Antiangiogenic agents can increase tumor oxygenation and response to radiation therapy

Beverly A. Teicher, Norman Dupuis, Tetsuya Kusomoto, Michael F. Robinson, Fang Liu, Krishna Menon, C. Norman Coleman

Research output: Contribution to journalArticle

Abstract

The Lewis lung carcinoma growing subcutaneously in the hind leg of male C57BL mice is very hypoxic, having 92% of the pO2 measurements ≤ 5 mmHg as determined with a polarographic oxygen electrode. Administration of a perflubron emulsion (8 ml/kg) along with carbogen breathing increased the tumor oxygen level so that 82% of the pO2 readings were ≤ 5 mmHg. Treating tumor‐bearing animals with TNP‐470 (30 mg/kg, s.c.) on alternate days and minocycline (10 mg/kg, i.p.) daily beginning on day 4 after tumor cell implantation resulted in decreased hypoxia in the tumors on day 9 when pO2 measurements were made. The percent of pO2 readings ≤ 5 mmHg in the tumors of the TNP‐470/ minocycline‐treated animals was 75%, which upon administration of the perflubron emulsion along with carbogen breathing was reduced to 45%. Therapeutically daily fractionated radiation (2, 3, or 4 Gy ≤ 5) was used as an oxygen‐dependent cytotoxic modality. The radiation response of the rumors in TNP‐470/minocycline‐treated animals was greater than that in the untreated tumors. The addition of carbogen breathing for 1 hr prior to and during radiation delivery further increased the radiation response so that overall there was a 2.2‐fold increase in the tumor growth delay produced by the fractionated radiation in the animals treated with TNP‐470/minocycline compared with untreated animals. Administration of the perflubron emulsion along with carbogen breathing prior to and during radiation delivery resulted in a 3.4‐fold increase in tumor growth delay by the fractionated radiation regimens in the TNP‐470/minocycline‐treated animals compared with the tumor growth delay obtained with radiation alone. There was a linear relationship between decrease in the percent of pO2 readings ≤ 5 mmHg and tumor growth delay at each radiation dose indicating that the diminution in tumor hypoxia produced by these treatments may be directly responsible for the increase in the effectiveness of the radiation therapy. © 1995 Wiley‐Liss, Inc.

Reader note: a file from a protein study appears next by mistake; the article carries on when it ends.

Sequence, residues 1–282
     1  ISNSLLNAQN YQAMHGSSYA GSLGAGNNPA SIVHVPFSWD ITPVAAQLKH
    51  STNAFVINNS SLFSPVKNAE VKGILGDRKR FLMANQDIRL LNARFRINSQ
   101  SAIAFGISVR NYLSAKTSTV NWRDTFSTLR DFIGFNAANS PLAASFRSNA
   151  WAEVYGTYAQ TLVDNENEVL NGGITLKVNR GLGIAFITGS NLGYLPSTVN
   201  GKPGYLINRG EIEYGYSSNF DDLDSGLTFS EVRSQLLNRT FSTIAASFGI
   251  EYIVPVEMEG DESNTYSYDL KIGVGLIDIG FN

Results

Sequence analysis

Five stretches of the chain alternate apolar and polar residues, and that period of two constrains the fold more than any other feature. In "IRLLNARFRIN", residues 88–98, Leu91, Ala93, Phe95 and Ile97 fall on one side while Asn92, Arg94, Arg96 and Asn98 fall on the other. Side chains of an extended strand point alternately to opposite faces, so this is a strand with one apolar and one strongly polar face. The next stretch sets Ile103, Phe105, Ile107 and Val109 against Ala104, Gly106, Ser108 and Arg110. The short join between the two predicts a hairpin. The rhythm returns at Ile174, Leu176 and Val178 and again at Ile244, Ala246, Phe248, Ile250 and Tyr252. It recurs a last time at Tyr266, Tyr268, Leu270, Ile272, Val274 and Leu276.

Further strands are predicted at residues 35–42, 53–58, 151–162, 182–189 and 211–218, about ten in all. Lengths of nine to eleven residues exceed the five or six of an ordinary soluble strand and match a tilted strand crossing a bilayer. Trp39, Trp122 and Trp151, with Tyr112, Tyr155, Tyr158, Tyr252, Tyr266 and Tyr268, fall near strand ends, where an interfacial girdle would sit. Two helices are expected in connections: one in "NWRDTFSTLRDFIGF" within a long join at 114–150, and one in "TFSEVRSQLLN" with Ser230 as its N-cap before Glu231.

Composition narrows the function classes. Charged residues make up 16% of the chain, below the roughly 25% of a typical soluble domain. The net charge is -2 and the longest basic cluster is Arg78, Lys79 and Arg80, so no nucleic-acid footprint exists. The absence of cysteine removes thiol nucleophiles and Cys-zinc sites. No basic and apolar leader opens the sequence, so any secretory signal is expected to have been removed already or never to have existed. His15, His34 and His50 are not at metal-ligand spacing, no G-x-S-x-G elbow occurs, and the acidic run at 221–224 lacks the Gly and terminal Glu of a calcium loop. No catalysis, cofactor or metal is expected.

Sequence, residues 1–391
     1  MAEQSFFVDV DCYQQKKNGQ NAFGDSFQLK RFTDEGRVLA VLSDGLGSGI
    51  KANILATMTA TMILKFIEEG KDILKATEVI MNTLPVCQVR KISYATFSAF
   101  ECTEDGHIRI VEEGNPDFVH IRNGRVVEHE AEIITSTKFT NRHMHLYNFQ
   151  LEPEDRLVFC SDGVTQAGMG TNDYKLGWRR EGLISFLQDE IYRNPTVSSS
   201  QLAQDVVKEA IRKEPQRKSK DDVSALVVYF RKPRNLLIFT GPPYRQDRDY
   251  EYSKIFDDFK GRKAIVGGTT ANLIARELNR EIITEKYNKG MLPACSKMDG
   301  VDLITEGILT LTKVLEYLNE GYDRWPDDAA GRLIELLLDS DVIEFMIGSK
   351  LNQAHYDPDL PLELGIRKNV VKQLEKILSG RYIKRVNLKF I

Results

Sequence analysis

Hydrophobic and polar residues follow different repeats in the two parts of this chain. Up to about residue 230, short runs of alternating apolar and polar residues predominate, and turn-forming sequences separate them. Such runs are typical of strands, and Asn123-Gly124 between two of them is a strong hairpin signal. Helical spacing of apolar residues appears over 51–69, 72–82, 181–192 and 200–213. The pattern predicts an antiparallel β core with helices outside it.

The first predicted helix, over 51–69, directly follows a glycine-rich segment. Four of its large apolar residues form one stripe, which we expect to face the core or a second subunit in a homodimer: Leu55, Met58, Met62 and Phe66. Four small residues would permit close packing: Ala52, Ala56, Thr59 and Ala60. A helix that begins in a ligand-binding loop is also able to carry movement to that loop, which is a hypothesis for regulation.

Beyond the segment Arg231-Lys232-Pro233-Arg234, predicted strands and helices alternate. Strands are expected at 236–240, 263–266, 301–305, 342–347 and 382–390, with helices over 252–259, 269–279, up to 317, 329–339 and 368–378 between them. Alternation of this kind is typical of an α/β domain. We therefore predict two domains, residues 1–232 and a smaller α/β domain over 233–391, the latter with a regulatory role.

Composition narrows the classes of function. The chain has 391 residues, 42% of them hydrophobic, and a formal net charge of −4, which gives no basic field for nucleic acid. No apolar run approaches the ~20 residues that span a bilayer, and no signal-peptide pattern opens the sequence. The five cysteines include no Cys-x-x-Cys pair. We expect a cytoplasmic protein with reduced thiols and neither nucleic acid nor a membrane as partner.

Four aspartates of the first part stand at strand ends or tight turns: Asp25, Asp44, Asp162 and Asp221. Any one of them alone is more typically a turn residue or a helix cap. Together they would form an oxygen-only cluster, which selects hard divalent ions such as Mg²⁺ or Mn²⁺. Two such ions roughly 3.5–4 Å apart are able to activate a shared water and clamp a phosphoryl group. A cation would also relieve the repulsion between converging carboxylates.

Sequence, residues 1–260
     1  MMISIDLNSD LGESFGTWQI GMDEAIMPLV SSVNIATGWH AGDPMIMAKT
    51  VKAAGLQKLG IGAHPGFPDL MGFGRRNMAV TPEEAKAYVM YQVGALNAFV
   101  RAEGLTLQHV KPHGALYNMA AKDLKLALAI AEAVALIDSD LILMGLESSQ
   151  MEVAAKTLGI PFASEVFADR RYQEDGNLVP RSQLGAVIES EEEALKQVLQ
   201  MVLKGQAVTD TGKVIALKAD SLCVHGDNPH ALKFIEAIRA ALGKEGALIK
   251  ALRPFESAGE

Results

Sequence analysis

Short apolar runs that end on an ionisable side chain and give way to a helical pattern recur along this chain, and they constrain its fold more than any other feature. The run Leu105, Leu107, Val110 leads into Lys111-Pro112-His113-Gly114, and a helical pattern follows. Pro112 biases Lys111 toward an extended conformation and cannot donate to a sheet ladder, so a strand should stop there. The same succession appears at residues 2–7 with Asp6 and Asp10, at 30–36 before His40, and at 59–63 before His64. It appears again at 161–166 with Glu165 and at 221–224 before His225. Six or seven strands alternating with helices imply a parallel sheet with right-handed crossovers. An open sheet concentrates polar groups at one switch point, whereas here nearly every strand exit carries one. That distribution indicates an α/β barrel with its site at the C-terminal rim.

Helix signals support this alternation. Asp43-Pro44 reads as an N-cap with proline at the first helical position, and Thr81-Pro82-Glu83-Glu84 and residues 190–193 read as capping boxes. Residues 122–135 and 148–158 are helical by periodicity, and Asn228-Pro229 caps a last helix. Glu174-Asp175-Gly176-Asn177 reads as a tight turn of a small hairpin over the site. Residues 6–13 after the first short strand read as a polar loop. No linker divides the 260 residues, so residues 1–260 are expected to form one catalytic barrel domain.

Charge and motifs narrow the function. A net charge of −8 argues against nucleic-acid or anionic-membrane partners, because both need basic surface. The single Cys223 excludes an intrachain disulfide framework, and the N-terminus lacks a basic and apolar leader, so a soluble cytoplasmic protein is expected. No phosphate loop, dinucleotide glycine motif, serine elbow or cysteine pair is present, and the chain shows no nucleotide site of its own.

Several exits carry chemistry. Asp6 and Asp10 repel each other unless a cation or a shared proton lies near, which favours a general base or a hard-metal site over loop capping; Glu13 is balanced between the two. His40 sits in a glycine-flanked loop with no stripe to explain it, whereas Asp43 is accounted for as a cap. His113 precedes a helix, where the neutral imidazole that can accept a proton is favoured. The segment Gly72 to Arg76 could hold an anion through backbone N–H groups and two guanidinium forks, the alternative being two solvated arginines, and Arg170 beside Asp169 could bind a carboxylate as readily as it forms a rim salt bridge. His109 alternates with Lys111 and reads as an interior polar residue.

Original languageEnglish (US)
Pages (from-to)269-276
Number of pages8
JournalRadiation Oncology Investigations
Volume2
Issue number6
DOIs
StatePublished - 1994
Externally publishedYes

Fingerprint

Angiogenesis Inhibitors
oxygenation
radiation therapy
Radiotherapy
tumors
Radiation
animals
radiation
Neoplasms
breathing
Respiration
Reading
Minocycline
emulsions
Growth
hypoxia
delivery
Oxygen
Lewis Lung Carcinoma
Inbred C57BL Mouse

Keywords

  • antiangiogenic agents
  • minocycline
  • TNP‐470
  • tumor hypoxia
  • tumor oxygenation

ASJC Scopus subject areas

  • Radiation
  • Radiological and Ultrasound Technology
  • Oncology
  • Radiology Nuclear Medicine and imaging

Cite this

Teicher, B. A., Dupuis, N., Kusomoto, T., Robinson, M. F., Liu, F., Menon, K., & Coleman, C. N. (1994). Antiangiogenic agents can increase tumor oxygenation and response to radiation therapy. Radiation Oncology Investigations, 2(6), 269-276. https://doi.org/10.1002/roi.2970020604